The End of Happily Ever After
[Image courtesy of Dina Goldstein's Fallen Princess series.]
Once upon a time our stories ended in happily ever after. Dragons were slain, damsels rescued, glass slippers found, and eternal bliss achieved—usually thanks to a combination of wealth and marriage. Things have changed. While "happily ever after" holds on in a variety of forms, audience expectations have shifted. Readers not only accept but often prefer endings that aren't entirely happy. Why, as readers and writers in the 21st century, do we shy away from the old expectations of eternal happiness?
Hollywood vs the Unhappy Ending
***I'm talking about endings, so it should go without saying that spoilers will abound. Read on at your own risk.***
To say we no longer have "happily ever after" would be misleading. Some markets want that happy ending. Some genres demand it. Hollywood has certainly gone to great lengths to provide happy endings in the bulk of its stories; even books written with a mixed or unhappy ending often find a new conclusion in the film rendition.
Perhaps the best example comes from The Princess Bride, where the film gives us a concretely happy ending and the book gives us a happy ending only to tell us that's not how it really happened:
"And they lived happily ever after," my father said. [...] The truth was, my father was fibbing.
Goldman then goes on to show how the book actually ended:
From behind them suddenly, closer than they had imagined, they could hear the roar of Humperdinck: 'Stop them! Cut them off!' They were, admittedly, startled, but there was no reason for worry: they were on the fastest horses in the kingdom, and the lead was already theirs. However, this was before Inigo's wound reopened, and Westley relapsed again, and Fezzik took the wrong turn, and Buttercup's horse threw a shoe. And the night behind them was filled with the crescendoing sound of pursuit...
The full ending of The Princess Bride is worth reviewing. It makes some great commentary on the inevitability of death and other factors that make "ever after" a bit difficult.
Other white-washed endings of note include the Hollywood renditions of Chuck Palahniuk's work. Palahniuk's Fight Club leaves Tyler Durden in an asylum; Hollywood's Fight Club leaves him holding Marla's hand and watching the pretty explosions. In one of my favorite endings of all time, Palahniuk's Choke leaves the characters to pick up the remnants of their lives in "the middle of nowhere in the middle of the night"; Hollywood's Choke tells us that Victor has overcome his sex addiction and is in a positive, adventurous relationship with Paige. Paige has been transformed from a troubled, complex woman into a manic pixie dream girl.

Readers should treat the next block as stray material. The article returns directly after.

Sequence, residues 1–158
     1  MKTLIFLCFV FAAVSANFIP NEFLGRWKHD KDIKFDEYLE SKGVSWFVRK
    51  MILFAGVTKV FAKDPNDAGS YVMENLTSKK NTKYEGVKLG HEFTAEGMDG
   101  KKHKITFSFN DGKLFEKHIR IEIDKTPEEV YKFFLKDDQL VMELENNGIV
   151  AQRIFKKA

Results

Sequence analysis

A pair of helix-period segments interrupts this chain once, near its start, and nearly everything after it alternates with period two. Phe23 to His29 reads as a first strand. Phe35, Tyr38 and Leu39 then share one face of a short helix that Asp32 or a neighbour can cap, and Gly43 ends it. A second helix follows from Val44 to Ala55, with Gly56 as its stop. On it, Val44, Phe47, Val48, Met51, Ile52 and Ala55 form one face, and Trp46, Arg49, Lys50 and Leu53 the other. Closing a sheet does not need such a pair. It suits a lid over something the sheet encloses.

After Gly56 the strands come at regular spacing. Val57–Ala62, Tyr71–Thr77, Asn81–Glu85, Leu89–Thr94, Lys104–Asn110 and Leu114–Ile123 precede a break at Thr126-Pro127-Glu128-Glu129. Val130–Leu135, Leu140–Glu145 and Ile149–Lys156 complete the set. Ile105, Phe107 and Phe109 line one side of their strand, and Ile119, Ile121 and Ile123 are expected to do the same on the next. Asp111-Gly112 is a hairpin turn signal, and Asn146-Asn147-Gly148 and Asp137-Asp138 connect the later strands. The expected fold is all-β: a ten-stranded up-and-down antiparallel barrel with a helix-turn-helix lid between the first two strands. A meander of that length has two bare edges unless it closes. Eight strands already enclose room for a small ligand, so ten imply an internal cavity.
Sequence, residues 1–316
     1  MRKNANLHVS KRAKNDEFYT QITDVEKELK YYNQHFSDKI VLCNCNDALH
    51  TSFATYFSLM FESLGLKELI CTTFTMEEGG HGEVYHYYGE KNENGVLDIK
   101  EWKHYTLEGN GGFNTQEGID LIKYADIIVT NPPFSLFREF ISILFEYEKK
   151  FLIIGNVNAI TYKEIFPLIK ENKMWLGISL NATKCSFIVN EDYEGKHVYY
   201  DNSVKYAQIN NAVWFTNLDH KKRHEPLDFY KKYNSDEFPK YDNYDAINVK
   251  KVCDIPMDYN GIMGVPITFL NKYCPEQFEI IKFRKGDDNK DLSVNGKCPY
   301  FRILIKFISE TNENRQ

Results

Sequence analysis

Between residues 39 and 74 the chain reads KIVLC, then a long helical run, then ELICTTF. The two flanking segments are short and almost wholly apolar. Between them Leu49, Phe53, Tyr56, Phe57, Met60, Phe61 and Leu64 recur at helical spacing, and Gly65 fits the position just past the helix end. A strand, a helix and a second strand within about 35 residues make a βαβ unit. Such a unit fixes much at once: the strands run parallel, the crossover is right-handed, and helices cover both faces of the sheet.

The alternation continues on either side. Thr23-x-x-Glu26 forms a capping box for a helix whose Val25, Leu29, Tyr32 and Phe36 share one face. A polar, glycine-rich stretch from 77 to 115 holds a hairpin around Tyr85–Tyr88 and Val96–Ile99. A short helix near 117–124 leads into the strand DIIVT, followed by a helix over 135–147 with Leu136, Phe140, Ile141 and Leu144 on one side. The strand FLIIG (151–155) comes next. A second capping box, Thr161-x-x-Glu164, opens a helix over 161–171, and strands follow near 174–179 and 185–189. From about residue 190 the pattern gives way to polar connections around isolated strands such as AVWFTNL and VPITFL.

Well done, Hollywood. Well done.
Subverting Ever After
Literature is more comfortable navigating into the uncomfortable territory of not-so-happily, and many stories actively attack or reverse the expectation of a happy conclusion. One of my favorite subversions of "happily ever after" is in Eugene O'Neil's classic Long Day's Journey into Night. In that play, the audience is left to wonder what led the characters to this broken family situation, and are given a beautiful explanation in the play's final monologue. Mary (the mother) comes downstairs, wearing her wedding dress, rambling on thanks to a morphine-induced delusion. She talks about how romantic and wonderful her relationship with James (the father) once was. Then she delivers the haunting final line:
And we were happy ... for a while.
Throughout the 20th century, the expectation of a happy ending was frustrated or attacked by major contributors to the literary canon. Brave New World ends with exile, orgies, and suicide. Lolita is set up so a "happy ending" isn't even possible. Catch-22 lets Yosarian live, but the war and insanity rages on. It's hard for me to think of any well-reputed 20th- or 21st-century novels with entirely happy endings.
Films, especially less mainstream films, also tend toward mixed endings. Some of my favorite movies, including Sunshine Cleaning, Weatherman, and Stranger than Fiction have mixed endings. Stranger than Fiction is especially interesting in how actively and consciously it discusses the question of whether a happy ending is really best.